Abstract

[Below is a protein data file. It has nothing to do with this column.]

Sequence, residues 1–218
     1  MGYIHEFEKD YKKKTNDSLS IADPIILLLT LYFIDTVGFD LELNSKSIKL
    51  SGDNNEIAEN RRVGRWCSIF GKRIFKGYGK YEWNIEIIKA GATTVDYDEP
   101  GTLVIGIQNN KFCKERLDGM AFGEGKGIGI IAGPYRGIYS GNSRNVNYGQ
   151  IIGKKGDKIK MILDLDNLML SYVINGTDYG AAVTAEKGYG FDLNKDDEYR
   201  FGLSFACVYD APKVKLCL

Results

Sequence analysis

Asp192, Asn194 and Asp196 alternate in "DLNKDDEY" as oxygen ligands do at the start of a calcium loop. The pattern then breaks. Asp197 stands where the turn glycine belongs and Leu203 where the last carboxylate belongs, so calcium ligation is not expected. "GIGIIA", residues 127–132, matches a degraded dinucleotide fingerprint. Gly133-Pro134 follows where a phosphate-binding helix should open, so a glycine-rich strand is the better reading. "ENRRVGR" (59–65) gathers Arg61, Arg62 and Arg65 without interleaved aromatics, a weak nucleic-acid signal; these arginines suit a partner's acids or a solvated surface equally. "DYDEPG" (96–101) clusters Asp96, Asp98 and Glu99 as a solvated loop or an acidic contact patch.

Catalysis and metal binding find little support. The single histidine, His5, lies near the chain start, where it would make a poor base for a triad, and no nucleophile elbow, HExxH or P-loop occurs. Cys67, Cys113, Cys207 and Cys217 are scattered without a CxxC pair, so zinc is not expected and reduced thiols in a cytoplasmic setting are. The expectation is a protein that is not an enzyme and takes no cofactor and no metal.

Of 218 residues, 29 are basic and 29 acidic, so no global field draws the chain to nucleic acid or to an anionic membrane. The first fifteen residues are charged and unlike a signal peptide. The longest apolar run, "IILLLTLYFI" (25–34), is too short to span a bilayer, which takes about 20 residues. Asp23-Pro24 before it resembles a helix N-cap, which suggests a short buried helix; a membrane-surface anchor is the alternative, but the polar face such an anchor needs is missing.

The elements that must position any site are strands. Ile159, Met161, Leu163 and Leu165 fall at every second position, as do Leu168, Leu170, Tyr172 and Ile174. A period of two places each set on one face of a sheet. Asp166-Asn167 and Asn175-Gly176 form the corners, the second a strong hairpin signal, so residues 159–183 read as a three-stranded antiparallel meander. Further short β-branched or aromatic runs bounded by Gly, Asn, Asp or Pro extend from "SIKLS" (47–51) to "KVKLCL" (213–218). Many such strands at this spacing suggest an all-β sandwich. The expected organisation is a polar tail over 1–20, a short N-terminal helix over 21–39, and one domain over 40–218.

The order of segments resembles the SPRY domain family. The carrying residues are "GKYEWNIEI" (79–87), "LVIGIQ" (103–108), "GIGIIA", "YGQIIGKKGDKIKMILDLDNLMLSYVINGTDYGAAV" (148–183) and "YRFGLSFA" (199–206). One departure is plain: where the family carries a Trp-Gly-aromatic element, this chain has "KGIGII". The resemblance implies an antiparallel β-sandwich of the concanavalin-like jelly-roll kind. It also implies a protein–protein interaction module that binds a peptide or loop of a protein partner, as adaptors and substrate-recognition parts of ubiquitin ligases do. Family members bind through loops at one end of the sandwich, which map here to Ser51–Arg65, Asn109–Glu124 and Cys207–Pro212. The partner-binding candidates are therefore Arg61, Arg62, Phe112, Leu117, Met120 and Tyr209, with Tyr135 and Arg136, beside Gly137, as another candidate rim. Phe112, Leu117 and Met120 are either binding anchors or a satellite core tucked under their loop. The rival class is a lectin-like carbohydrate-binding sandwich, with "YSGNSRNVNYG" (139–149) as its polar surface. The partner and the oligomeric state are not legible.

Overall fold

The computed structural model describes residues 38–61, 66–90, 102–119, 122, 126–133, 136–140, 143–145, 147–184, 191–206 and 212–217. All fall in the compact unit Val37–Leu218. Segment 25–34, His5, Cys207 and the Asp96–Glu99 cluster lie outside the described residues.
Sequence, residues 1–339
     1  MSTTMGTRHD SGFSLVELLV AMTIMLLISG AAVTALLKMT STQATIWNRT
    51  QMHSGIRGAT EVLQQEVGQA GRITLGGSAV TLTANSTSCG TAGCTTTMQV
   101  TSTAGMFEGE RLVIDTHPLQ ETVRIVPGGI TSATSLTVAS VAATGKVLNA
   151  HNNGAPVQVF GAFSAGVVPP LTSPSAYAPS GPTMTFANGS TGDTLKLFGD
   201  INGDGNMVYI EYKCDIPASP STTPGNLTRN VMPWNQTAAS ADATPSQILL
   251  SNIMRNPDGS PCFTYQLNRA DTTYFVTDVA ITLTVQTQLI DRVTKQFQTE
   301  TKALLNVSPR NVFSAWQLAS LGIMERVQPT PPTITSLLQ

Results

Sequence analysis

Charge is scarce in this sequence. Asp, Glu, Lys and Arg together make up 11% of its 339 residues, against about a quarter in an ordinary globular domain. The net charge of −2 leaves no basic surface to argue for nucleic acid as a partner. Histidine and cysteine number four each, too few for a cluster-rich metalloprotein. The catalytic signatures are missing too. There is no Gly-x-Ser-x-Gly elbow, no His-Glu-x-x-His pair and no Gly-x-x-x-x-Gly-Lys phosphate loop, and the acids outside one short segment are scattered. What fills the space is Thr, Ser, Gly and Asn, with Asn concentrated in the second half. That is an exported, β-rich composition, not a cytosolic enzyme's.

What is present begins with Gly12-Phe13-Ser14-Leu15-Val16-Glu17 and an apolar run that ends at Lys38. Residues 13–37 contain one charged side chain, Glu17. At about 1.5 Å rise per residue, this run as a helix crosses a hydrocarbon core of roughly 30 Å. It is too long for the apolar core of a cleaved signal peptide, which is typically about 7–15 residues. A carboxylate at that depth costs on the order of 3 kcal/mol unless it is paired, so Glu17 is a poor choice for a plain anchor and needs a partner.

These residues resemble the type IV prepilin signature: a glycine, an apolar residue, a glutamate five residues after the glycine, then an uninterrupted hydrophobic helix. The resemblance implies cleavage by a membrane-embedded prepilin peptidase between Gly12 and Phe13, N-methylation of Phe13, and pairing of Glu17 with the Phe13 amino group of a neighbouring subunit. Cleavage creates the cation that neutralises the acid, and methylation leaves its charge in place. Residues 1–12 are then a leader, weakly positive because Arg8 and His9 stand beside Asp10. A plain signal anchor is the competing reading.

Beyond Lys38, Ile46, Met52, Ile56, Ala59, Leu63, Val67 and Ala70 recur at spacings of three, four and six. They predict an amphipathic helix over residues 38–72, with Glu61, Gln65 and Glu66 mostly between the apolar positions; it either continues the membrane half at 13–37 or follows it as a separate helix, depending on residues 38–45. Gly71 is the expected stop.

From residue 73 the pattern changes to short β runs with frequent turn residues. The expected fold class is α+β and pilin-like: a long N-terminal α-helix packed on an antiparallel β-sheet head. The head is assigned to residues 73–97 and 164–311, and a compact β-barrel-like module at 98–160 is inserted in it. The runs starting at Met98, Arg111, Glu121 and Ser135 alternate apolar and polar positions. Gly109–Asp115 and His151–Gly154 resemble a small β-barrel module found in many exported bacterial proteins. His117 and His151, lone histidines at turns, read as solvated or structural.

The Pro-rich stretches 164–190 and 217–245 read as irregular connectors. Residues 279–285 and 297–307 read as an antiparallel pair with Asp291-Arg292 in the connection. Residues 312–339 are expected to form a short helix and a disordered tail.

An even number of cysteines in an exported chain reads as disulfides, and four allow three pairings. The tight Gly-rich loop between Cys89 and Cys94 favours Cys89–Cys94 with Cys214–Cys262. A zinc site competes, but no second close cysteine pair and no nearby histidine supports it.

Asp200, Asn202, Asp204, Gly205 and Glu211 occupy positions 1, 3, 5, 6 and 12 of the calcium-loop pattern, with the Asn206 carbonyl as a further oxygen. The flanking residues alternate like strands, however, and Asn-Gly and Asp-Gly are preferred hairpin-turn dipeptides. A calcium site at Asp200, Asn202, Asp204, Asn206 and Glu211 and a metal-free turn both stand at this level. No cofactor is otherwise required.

In aquatic environments, phytoplankton represent a major source of reactive oxygen species (ROS) such as superoxide and hydrogen peroxide. Many phytoplankton taxa also produce extracellular ROS under optimal growth conditions in culture. However, the physiological purpose of extracellular ROS production by phytoplankton and its wider significance to ecosystem-scale trophic interactions and biogeochemistry remain unclear. Here, we review the rates, taxonomic diversity, subcellular mechanisms and functions of extracellular superoxide and hydrogen peroxide production by phytoplankton with a view towards future research directions. Model eukaryotic phytoplankton and cyanobacteria produce extracellular superoxide and hydrogen peroxide at cell-normalized rates that span several orders of magnitude, both within and between taxa. The potential ecophysiological roles of extracellular ROS production are versatile and appear to be shared among diverse phytoplankton species, including ichthyotoxicity, allelopathy, growth promotion, and iron acquisition. Whereas extracellular hydrogen peroxide likely arises from a combination of intracellular and cell surface production mechanisms, extracellular superoxide is predominantly generated by specialized systems for transplasma membrane electron transport. Future insights into the molecular-level basis of extracellular ROS production, combined with existing high-sensitivity geochemical techniques for the direct quantification of ROS dynamics, will help unveil the ecophysiological and biogeochemical significance of phytoplankton-derived ROS in natural aquatic systems.